Oh, Christmas tree! How lovely — and potentially hazardous — are those branches.

Every November and December, an average of 250 folks land in the emergency room with injuries related to holiday decorating according to the Consumer Product Safety Commission (CPSC). Accidents range from falls from ladders (the most common) to cuts from broken ornaments and burns from faulty lights. The CPSC also reports that between 2009 and 2011, Christmas trees caused an average of 250 fires each year.

Whether this year’s Tannebaum is fresh or faux, follow these tips to keep your friends, family and furballs safe around it.

Real tree? Start fresh. Make sure the bottom of yours is sticky with resin. The needles should be green and supple and stay firmly attached to the branches if you tug on them or tap the tree gently on the ground. Tip: The earlier in the season you buy a tree from a lot, the fresher it will be.

Hydrate! A dry tree is a fire hazard. A real one needs water at least once or twice daily during the first couple of weeks.

Fake tree? Read the label. It should say “fire resistant.” Be aware that this doesn’t mean fireproof. The tree can still ignite. Also, look for the UL logo on pre-lit artificial trees.

Display it safely. Even if your tree is perfect on all sides, the best place to set it up is against a wall or in a corner so that little ones and pets have less access to it. You might even consider surrounding the tree with baby gates. Move furniture out of the way so that children aren’t tempted to use it to climb onto the tree. To prevent the tree from tipping over, secure it in a sturdy, weighted stand. It’s also a good idea to attach the tree to a wall. You can attach it via fishing line to an existing picture hook.

Prevent a flare-up. Don’t place your Christmas tree near a fireplace, radiator or other heat source. It shouldn’t even be near lighted candles, which could fall or be knocked off of a mantle, coffee table or windowsill.

Be light bright. Illuminate your tree with small bulbs. Large ones can get hot enough to burn skin. Before stringing them on the tree, examine lights from end to end. Toss any with fraying wires, bare spots or broken bulbs. Use duct tape to secure cords to the floor so they aren’t a tripping hazard — but don’t run cords under a rug.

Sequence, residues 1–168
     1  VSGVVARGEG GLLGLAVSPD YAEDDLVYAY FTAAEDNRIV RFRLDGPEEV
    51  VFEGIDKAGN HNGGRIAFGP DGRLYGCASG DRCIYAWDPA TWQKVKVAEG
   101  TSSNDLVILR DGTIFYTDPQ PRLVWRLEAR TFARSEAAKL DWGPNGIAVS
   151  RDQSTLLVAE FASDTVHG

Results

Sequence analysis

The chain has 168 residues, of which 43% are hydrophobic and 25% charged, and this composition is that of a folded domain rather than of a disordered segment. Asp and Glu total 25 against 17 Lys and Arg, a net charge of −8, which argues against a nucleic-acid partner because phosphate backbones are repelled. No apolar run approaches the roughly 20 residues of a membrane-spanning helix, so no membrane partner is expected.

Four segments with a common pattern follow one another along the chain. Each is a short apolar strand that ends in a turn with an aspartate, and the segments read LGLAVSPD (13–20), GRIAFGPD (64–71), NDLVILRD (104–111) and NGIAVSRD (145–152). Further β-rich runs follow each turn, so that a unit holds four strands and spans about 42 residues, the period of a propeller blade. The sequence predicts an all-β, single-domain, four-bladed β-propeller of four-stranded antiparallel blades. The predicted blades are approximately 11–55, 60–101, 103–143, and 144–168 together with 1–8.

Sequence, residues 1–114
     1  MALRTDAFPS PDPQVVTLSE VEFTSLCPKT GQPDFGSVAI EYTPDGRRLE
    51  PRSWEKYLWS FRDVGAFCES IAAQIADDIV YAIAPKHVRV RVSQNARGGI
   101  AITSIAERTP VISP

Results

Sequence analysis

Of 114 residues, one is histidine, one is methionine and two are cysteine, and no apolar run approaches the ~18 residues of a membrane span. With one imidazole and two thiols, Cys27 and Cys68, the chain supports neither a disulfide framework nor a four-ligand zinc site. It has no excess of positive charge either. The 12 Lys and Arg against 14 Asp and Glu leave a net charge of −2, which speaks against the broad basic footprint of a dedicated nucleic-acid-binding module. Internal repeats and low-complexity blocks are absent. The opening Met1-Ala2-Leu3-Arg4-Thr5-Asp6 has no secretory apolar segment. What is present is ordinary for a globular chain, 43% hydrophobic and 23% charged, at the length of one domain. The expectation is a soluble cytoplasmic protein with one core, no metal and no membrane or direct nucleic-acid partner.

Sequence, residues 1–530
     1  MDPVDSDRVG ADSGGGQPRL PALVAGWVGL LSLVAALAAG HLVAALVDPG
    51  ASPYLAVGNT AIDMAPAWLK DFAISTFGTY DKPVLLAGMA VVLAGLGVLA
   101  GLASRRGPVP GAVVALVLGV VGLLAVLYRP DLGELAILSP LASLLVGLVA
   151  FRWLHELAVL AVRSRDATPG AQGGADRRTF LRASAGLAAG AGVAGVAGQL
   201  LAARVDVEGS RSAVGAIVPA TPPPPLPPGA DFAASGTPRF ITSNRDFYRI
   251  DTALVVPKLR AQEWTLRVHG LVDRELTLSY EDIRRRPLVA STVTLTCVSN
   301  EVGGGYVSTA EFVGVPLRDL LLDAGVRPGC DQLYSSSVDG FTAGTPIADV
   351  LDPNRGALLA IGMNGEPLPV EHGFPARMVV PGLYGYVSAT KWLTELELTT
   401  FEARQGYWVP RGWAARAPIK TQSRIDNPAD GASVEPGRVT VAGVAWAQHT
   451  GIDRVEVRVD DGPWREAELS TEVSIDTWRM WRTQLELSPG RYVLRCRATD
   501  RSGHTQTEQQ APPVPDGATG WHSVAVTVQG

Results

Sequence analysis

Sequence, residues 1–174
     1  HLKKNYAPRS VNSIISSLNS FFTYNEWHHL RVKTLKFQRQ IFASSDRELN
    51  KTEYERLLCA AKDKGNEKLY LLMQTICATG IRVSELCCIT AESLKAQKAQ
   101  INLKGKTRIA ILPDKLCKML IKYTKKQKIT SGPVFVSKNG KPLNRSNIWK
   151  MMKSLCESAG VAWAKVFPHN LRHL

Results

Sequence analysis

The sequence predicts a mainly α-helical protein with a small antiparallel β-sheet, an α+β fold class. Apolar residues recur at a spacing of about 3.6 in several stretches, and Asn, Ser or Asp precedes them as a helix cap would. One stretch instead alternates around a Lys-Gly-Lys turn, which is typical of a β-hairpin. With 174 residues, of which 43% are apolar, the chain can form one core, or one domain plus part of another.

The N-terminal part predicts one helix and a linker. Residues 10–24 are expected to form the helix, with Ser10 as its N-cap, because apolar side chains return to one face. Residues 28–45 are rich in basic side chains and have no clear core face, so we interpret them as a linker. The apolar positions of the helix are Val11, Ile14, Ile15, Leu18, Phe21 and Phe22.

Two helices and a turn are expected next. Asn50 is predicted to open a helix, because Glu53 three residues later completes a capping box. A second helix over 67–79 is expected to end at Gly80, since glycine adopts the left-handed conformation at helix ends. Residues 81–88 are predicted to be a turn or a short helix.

Leave the best for the top. Hang breakable ornaments high on the tree where they’re less likely to be accidentally knocked onto the floor. Adorn lower branches with baubles made of plastic, fabric or other shatterproof material. Don’t use strings of popcorn or cranberries on the tree, especially if you’ll have small kids or pets in your home for the holidays. Tinsel is a no-no as well: If a dog or cat swallows any, it could obstruct his digestive tract.

Watch what’s under the tree. If your household includes little kids or furry friends, try to monitor what’s inside gifts left under the tree. Chocolate is toxic for dogs — but they love it — meaning Fido could be felled by a box of truffles. If you aren’t sure what’s in a wrapped package, set it aside and out of reach until the big day. Also, keep an eye out for potentially dangerous wrapping. Small bows, toys and other adornments are a potential choking hazard for tots. And if a kitten manages to swallow a length of thin ribbon, it could strangle it or become twisted around its intestines.

Be on guard. Never leave kids or pets alone near the tree. Unplug the lights when you leave the house and before bed.

Dispose of your tree safely. As long as you’re vigilant about watering it, a real tree will last for a few weeks. Before it becomes so dry that it’s dropping needles (a fire hazard), take it down. Haul it directly to the curb or take it to be recycled. Don’t leave it in your garage or on your porch or deck. Never use a Christmas tree for firewood. Needles are highly combustible and can quickly burn out of control.

Jennifer Kelly Geddes is a New York City-based writer and editor who specializes in parenting, health and child development. She’s also the mom of two teen girls.